8.06.2009

Undermanned Celtics Rally Past Spurs, Take Second Leg of Texas Triangle

Celtics Improve to 42-15
1981-82 Boston Celtics


If the 1981-82 Celtics ever deserved to take a bow, it was last night. Performing with heart and savvy, they came from eight points down in the third period to take out the San Antonio Spurs by a 110-101 score at the Hemisfair.

This second post-Larry and seventh post-Tiny game was won thanks to the skilled, deep Boston front line of Robert Parish (26), Cedric Maxwell (25) and Kevin McHale (18 points, 13 rebounds and a superb defensive job on Mike Mitchell), and it was accomplished without the usual help from Gerry Henderson, who pulled a hip muscle early in the game and who was spelled admirably for the final 8:39 by Danny Ainge.

The Celtics conceded George Gervin 48 points and shut down the rest of the Spurs. But they were still trailing by a 69-61 score with 9:15 remaining in the third period when they erupted for a 27-14 run that sent them into the fourth quarter leading by an 88-83 score.

The lead remained between five and nine the rest of the way. There was no one big play or big basket, although it can be argued that the coffin-nailer was a Parish stuff of a Charles Bradley miss with 3:06 left that gave the Celtics a 102-93 lead. Each time San Antonio crept close, the Celtics did the right thing.

Unable to sustain first-quarter play that ranked with any the Celtics have come up with this season, the visitors succumbed to a 36-point San Antonio second period onslaught to fall behind by a 60-56 score at the half.

The Celtics had come out playing inspired two-way basketball, moving to a quick 10-4 lead, and building it to as many as 15 points (27-12) before the Spurs appeared to have any clue as to what was going on.

The Boston defense was aggressive and intelligent, while its offense was varied and efficient. Bill Fitch decided to attack the Spurs at a noted weak point immediately, sending M.L. Carr into the low post on Gervin the first time Boston had the ball. M.L. responded with a nice running hook for the game's first two points, one of two times he would post up his taller foe with success in the game's first two minutes.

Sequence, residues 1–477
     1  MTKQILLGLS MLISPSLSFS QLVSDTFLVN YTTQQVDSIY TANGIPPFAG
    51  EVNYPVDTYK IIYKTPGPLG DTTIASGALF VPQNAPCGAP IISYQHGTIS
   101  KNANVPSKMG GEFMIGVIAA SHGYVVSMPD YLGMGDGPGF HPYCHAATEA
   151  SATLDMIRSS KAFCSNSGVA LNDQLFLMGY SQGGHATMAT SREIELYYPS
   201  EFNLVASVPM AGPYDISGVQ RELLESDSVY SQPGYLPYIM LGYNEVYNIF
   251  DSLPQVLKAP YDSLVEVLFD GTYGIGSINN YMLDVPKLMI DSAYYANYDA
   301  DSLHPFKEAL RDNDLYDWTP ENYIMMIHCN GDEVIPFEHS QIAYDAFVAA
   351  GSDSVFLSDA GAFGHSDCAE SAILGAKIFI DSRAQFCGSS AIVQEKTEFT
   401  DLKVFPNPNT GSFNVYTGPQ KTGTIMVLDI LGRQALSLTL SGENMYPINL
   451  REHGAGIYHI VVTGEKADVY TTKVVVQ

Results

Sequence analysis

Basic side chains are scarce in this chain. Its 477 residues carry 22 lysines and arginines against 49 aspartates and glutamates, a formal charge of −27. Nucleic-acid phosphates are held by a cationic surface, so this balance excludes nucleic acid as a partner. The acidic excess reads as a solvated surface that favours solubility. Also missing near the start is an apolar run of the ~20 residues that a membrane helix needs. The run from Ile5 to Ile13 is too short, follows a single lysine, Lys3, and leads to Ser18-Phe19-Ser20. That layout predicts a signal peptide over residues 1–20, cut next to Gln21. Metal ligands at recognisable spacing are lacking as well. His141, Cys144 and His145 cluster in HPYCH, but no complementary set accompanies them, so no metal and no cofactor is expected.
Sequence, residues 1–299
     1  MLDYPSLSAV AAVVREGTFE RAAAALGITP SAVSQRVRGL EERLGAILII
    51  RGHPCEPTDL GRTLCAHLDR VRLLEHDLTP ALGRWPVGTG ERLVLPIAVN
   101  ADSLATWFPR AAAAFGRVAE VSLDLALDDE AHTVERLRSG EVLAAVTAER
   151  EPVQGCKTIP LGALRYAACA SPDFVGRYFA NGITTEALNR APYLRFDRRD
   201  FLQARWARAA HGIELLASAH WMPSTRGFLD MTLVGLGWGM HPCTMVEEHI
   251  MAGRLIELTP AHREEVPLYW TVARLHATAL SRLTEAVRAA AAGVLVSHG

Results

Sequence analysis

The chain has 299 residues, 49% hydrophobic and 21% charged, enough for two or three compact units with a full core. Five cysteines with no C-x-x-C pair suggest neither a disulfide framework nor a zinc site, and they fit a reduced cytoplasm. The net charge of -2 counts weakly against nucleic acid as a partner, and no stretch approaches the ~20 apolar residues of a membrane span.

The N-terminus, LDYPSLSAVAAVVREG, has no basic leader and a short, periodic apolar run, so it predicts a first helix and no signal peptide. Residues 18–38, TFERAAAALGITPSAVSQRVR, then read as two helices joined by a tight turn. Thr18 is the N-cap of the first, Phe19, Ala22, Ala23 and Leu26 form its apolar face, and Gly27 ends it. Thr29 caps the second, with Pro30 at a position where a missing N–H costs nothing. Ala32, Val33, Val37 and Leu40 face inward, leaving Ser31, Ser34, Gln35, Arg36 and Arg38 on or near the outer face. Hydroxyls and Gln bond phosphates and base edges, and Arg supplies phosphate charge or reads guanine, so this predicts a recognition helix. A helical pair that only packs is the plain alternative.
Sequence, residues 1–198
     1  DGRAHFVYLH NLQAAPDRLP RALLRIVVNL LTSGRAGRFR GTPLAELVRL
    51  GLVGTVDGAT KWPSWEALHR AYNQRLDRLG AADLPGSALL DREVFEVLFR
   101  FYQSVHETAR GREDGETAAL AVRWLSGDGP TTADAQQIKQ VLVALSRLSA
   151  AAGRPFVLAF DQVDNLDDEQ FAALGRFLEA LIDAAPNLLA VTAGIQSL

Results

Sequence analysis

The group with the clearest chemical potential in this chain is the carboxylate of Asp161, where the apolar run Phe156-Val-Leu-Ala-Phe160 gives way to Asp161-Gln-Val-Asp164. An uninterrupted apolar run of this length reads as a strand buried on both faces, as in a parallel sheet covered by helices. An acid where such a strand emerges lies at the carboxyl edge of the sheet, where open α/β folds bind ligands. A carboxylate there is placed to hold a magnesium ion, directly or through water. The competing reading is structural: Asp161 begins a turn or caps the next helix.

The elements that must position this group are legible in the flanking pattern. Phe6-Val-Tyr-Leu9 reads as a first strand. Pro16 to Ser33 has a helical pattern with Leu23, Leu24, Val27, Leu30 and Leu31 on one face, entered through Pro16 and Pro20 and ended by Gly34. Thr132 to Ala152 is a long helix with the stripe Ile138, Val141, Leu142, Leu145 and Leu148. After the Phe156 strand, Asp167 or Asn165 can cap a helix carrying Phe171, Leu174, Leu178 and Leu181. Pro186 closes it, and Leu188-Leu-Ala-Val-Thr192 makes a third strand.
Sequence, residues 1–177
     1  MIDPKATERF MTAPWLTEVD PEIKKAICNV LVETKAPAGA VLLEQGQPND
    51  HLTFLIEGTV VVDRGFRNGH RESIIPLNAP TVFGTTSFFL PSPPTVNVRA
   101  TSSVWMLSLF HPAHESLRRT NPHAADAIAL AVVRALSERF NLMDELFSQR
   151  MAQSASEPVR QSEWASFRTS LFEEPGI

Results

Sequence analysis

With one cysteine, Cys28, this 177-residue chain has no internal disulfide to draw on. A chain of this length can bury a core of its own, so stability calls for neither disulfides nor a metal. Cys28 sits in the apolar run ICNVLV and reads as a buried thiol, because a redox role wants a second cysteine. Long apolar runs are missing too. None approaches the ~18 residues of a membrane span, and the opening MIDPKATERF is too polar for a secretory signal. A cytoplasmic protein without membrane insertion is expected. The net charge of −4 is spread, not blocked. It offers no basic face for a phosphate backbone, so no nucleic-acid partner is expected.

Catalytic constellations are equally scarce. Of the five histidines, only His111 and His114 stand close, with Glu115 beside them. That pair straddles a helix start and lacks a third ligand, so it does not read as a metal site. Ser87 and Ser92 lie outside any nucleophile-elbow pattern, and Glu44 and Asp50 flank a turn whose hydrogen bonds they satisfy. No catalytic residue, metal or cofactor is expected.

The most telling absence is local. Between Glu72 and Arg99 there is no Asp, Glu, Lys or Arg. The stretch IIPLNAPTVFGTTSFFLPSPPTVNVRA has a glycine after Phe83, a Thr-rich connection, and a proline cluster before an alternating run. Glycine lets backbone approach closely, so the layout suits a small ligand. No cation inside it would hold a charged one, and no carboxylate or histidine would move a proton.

Carr would wind up with 10 first-period points, while Cedric Maxwell would match him. The Celtics went out of the period leading by a 36-26 score.

But things had already swung around by the end of the period, and when the second period unfolded the momentum belonged completely to the Spurs. Stan Albeck went to his bench and got a nice lift from sub guard Mike Bratz, whose seven points included a three-pointer in the midst of the San Antonio comeback run. Bill Fitch got very little from his subs, and the Celtics suffered noticeably when Robert Parish missed the first 7:48 of the second quarter with two personal fouls.

As usual, the prime San Antonio offensive force was The Iceman. Gervin had a relatively subdued first period, scoring 10 points on 4-for-9 shooting. But the got into one of his grooves in the second quarter, pouring in 17 more points on his normal variety of shots. The Celtics, meanwhile, fell apart on offense. The smooth functioning attack of the game's first nine minutes suddenly looked like the first day of practice, and nothing Fitch did seemed to work, not that he had that many offensive alternatives. Danny Ainge, for example, played five minutes without taking a shot, a rare occurrence for him.

San Antonio derived some success with a three-quarters press, and once they got flowing their whole attitude improved. Boston was still leading by five at 46-41 with 5:07 left, but Bratz tossed in his three-pointer at this strategic moment, and San Antonio really turned it on, finally seizing its first lead at 49-48 on two followup free throws by Dave Corzine. The Spurs actually led by as many as six (60-54) in the late stages, representing a turnaround of 48-27, before two Parish foul shots with 29 seconds left created the halftime score.

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